Justification and ROI of Safety Programs and Machine Safety Investment
This papers talks about the cost of safety programs and systems that United States businesses have to pay. Learn about what would happen if your employees suffer accidents and there are inadequate safety measures in place? What if nothing happens?
Each year, six million workers suffer from non-fatal workplace injuries, resulting in an annual cost of more than $125 billion to United States businesses .Outside the primary objective of reducing injuries to people or property, proving the value of a safety system is
an ongoing challenge for safety professionals and risk managers. Many find it difficult to financially justify discretionary investments in safety-related assets and training intended to reduce work-related injuries and insurance premiums.
Compare this to something from everyday life: investing in automobile insurance. Predicting future automobile accidents is difficult, and insuring against them may seem a frivolous expenditure for people who consider themselves safe drivers. However, it is
necessary to think of the other people on the road who impact their risk of an automobile accident; insurance protects drivers not only from themselves, but also from others.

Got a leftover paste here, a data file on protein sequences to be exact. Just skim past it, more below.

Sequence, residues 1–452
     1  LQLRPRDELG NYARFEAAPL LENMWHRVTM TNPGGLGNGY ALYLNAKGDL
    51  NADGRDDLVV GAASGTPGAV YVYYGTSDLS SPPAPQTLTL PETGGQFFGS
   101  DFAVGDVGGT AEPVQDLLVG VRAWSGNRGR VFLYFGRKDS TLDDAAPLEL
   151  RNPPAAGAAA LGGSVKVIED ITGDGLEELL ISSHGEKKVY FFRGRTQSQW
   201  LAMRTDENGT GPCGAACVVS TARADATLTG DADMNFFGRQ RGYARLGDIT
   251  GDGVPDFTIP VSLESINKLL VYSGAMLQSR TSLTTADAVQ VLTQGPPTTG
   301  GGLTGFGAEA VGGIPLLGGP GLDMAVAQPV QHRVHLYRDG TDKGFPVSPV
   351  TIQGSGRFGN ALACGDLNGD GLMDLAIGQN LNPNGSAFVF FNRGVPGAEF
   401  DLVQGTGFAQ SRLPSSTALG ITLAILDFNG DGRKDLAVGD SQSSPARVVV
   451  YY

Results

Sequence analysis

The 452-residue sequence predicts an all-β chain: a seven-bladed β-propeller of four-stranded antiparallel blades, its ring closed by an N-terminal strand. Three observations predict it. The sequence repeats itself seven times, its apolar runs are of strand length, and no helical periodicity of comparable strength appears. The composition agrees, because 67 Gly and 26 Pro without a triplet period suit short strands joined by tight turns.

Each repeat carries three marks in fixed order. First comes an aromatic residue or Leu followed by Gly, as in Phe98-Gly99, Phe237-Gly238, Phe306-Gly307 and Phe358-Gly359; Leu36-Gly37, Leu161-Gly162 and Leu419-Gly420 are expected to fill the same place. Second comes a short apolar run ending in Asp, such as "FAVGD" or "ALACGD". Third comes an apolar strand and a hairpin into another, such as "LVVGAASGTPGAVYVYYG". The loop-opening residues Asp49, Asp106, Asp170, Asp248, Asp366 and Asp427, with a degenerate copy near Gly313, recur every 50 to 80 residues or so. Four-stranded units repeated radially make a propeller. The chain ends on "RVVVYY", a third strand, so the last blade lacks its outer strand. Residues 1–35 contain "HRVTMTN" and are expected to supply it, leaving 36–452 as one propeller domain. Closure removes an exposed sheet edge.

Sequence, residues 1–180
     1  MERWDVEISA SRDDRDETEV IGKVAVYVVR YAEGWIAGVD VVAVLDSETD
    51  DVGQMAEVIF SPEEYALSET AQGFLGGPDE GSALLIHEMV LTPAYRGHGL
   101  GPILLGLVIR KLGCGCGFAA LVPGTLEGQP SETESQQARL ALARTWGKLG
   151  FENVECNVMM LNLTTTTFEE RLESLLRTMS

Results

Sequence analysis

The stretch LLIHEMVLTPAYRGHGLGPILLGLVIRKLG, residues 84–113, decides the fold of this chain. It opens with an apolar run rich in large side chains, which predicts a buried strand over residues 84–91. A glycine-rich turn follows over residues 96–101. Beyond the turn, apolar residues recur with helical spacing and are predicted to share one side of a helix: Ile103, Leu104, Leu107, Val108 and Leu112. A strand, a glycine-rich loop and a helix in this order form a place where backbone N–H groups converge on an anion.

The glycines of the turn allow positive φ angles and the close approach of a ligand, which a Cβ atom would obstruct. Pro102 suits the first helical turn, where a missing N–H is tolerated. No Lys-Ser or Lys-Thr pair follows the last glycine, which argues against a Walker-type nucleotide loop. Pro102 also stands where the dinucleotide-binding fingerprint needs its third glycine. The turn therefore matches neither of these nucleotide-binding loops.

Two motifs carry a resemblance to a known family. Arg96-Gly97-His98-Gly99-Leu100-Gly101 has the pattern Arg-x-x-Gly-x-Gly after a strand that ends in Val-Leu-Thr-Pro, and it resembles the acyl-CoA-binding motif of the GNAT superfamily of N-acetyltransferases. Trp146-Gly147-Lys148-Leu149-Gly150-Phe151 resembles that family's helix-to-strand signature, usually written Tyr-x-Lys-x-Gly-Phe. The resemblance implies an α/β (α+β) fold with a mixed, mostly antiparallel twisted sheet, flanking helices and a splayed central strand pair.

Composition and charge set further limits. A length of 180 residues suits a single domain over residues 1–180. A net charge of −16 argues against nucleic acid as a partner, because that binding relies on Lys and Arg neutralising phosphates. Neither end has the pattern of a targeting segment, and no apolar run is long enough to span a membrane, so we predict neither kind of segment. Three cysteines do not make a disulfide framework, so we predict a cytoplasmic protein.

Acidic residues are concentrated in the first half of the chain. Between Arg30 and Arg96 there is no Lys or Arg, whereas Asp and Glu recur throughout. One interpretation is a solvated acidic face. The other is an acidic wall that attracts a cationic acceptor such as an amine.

Like driving, personnel in a manufacturing facility have to monitor their own safety. They must also be aware of how they are affected by the at-risk behaviors of co-workers. With noise, numerous machines and a handful of people on the plant floor, one mistake
can result in a serious incident that can cause personal injury and wreak havoc on production. Much like automobile insurance, investing in safety is based on a what if. What if something happens and there are inadequate safety measures in place? something happens and they are in place? What if nothing happens?
Author: Rockwell Automation | File Type: PDF
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